On the first night of the “90s Are All That” block, I got together with my friends to watch because I was still in college and it beat trying to read Naked Lunch for my American Lit class.  First up was Doug, and you can’t really go wrong with that. I know that the point of this blog post is to rail against the fetishization of our childhoods, but it should be said that the Nicktoons we grew up with truly were great and have aged incredibly well. Doug is still one of the best representations of the everyman and the awkwardness of growing up I’ve seen.

Then we came to the live-action shows, and the lacquer on my childhood started to dull. Kenan & Kel was good, albeit a bit aged; All That, which I was always thought of as stupid-funny, was stupider and less funny than I remembered; and Clarissa Explains It All, the shining paragon 90s enthusiasts have been holding up as proof of our generation’s superiority, was basically unwatchable. The talking to the camera, the look-at-me-and-my-quirkiness style choices, the constant squiggly line pie-charts appearing out of nowhere helping Clarissa explain what’s important to teens (spoiler alert: pizza); all of it left me feeling hollow. Maybe there was a point when this was the pinnacle of entertainment, but not anymore. I wish I hadn’t re-watched Clarissa; now, it no longer exists in my mind as sweet nostalgia. Now, it’s just a reminder that the shows I watched as a kid were probably all this stupid. Watching a show you loved when you were eight is like going back to Disney World: you might have fun if you’re with good friends, but you’re more likely to get depressed by the 400-pound man walking his kid on a leash. (Okay, not a perfect metaphor.) So, I’m not going to watch The Secret World of Alex Mack or Salute Your Shorts when the opportunity presents itself. They can continue to exist as perfect shows through my rose-colored childhood glasses.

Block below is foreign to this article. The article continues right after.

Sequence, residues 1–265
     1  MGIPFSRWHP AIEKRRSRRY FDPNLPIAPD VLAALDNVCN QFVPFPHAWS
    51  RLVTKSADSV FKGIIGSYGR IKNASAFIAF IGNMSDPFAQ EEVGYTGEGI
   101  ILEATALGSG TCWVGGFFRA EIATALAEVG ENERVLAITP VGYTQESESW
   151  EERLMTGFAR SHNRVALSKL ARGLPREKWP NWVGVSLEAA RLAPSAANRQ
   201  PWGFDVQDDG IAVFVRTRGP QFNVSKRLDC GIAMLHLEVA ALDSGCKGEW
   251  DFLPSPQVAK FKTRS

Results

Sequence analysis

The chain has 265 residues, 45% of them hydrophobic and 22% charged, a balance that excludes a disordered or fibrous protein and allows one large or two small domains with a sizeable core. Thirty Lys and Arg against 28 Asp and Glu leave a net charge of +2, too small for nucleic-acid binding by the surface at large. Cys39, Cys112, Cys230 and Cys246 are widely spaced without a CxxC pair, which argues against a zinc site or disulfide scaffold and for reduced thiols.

Clarissa actually only explains a little.

Clarissa actually only explains a little.

So, let’s get over ourselves. Let’s resist the urge to join social media machines designed to collect page views by reminding us of Power Rangers. Everyone thinks our generation is fucked, and hiding behind our ironic Double Dare shirts we purchased at Hot Topic isn’t helping. Read a book that isn’t Harry Potter. Don’t buy tickets to the new Backstreet Boys/New Kids On The Block tour. And stop telling your nieces and nephews they have to watch Clarissa Explains It All, because they don’t, and she doesn’t.